The RETURN FROM PARNASSUS was licly acted,” as the title-page imports, "by the Students in St. John's College, in Cambridge.” It is a very singular, a very ingenious, and as I think, a very interesting performance. It contains criticisms on contemporary authors, strictures on living manners, and the earliest denunciation (I know of) of the miseries and unprofitableness of a scholar's life. The only part I object to in our author's criticism is his abuse of Marston; and that, not because he says what is severe, but because he says what is not true of him. Anger may sharpen our insight into men's defects; but nothing should make us blind to their excellences. The whole passage is, however, so curious in itself (like the Edinburgh Review lately published for the year 1755) that I cannot forbear quoting a great part of it. We find in the list of candidates for praise many a


“ That like a trumpet, makes the spirits dance:"

there are others that have long since sunk to the bottom of the stream of time, and no Humane Society of Antiquarians and Critics is ever likely to fish them up again.

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“ Read the names," says Judicio.

Ingenioso. So I will, if thou wilt help me to censure them. Edmund Spenser,

John Marston, Henry Constable,

Kit. Marlowe, Thomas Lodge

William Shakespear;"and Samuel Daniel,

one Churchyard (who Thomas Watson,

is consigned to an upMichael Drayton,

timely grave.] John Davis,

“Good men and true, stand together, hear your censure what's thy judgment of Spenser?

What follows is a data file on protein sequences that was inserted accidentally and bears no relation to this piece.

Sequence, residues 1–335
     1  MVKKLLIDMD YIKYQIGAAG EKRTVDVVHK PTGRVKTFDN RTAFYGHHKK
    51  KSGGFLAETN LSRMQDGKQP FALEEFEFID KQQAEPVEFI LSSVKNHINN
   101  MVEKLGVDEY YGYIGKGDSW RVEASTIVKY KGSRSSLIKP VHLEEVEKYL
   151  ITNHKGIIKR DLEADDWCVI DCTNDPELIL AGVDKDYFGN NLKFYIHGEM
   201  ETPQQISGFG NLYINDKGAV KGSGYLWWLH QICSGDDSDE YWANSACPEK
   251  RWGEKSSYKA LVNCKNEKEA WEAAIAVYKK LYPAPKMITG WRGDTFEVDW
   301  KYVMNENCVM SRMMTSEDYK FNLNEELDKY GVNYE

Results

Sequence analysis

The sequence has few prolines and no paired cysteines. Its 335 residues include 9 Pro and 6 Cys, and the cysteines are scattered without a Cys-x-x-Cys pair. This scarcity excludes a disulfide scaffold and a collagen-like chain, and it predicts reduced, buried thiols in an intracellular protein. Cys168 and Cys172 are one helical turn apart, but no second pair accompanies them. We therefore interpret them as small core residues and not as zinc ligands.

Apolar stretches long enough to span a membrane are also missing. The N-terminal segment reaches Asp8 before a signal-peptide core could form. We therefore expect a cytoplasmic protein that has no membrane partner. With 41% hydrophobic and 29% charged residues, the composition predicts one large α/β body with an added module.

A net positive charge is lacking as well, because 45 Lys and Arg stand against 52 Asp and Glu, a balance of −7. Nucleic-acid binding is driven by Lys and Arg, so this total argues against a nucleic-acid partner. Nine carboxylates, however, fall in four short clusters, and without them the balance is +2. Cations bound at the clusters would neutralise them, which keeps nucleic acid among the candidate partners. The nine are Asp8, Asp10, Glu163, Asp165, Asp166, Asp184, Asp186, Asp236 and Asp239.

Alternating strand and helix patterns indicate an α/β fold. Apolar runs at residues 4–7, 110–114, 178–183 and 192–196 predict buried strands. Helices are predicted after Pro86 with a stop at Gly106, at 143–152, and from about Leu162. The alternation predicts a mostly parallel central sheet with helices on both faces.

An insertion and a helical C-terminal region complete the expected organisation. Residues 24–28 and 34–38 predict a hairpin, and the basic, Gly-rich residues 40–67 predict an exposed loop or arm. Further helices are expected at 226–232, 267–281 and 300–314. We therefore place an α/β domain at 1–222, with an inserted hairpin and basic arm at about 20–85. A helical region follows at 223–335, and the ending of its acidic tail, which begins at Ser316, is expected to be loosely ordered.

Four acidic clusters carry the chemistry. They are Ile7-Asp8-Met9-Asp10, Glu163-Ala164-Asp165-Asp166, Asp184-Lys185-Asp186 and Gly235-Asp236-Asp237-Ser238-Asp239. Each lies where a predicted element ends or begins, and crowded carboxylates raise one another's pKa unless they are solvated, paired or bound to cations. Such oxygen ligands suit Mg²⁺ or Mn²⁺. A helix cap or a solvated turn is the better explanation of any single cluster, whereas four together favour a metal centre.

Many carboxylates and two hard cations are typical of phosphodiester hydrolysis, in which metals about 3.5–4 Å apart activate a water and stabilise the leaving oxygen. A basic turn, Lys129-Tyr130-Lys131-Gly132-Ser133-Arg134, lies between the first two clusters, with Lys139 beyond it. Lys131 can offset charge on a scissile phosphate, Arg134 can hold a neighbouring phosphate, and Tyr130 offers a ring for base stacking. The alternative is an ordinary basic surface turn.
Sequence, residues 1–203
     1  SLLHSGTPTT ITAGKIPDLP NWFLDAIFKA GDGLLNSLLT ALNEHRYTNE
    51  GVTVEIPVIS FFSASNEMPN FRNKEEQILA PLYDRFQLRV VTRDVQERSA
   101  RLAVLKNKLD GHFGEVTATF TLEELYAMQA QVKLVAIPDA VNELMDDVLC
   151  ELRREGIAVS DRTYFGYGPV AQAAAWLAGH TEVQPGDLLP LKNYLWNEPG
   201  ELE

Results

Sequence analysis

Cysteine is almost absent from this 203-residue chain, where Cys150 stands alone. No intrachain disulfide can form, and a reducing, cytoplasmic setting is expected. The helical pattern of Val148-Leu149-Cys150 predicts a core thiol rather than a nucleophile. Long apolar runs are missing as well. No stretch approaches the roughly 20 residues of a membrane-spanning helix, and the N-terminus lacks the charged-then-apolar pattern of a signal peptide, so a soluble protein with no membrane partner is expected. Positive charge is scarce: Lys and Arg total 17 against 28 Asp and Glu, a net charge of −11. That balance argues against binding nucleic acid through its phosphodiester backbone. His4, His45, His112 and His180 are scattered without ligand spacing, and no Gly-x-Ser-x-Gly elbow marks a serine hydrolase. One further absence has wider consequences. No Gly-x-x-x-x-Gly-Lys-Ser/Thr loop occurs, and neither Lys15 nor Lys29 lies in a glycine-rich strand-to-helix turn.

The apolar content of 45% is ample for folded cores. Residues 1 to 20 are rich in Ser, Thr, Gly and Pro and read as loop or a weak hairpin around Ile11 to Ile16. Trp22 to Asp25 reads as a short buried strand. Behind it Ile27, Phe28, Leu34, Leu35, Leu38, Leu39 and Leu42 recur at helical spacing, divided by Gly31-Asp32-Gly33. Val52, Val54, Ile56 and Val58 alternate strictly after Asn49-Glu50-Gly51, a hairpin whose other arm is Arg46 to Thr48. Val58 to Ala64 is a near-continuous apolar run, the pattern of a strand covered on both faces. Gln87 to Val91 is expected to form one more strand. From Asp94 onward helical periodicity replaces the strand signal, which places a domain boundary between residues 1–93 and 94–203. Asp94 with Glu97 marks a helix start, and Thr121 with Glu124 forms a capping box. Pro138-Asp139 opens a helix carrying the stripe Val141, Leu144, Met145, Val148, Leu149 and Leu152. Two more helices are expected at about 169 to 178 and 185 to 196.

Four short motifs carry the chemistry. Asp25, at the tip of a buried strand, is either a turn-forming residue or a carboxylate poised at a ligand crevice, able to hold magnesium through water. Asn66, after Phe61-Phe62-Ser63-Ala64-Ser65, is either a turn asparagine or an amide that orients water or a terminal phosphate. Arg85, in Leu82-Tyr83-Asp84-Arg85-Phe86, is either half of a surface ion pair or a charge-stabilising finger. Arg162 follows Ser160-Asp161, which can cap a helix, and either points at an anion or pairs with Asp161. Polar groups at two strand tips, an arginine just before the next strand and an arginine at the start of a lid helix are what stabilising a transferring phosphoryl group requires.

Jud. A sweeter swan than ever sung in Po;
A shriller nightingale than ever blest
The prouder groves of self-admiring Rome.
Blithe was each valley, and each shepherd proud,
While he did chaunt his rural minstrelsy.
Attentive was full many a dainty ear:
Nay, hearers hung upon his melting tongue,
While sweetly of his Faëry Queen he sung;
While to the water's fall he tuned her fame,
And in each bark engravid Eliza's name.
And yet for all, this unregarding soil
Unlaced the line of his desired life,
Denying maintenance for his dear relief;

Careless even to prevent his exequy,
Scarce deigning to shut up his dying eye.

Ing. Pity it is that gentler wits should breed,
Where thick-skinn'd chuffs laugh at a scholar's need.
But softly may our honour'd ashes rest,
That lie by merry Chaucer's noble chest.

But I pray thee proceed briefly in thy censure, that I may be proud of myself, as in the first, so in the last, my censure may jump with thine. Henry Constable, Samuel Daniel, Thomas Lodge, Thomas Watson.

Jud. Sweet Constable doth take the wondering ear,
And lays it up in willing prisonment:
Sweet honey-dropping Daniel doth wage
War with the proudest big Italian,
That melts his heart in sugar'd sonnetting.
Only let him more sparingly make use
Of others' wit, and use his own the more,
That well may scorn base imitation.
For Lodge and Watson, men of some desert,
Yet subject to a critic's marginal:
Lodge for his oar in every paper boat,
He that turns over Galen every day,
To sit and simper Euphues' legacy.

Ing. Michael Drayton.

Jud: Drayton's sweet Muse is like a sanguine dye, Able to ravish the rash gazer's eye.

Ing. However, he wants one true note of a poet of our times; and that is this, he cannot swagger in a tavern, nor domineer in a hot-house. John Davis

Jud. Acute John Davis, I affect thy rhymes,
That jerk in hidden charms these looser times :
Thy plainer verse, thy unaffected vein,
Is graced with a fair and sweeping train.
John Marston-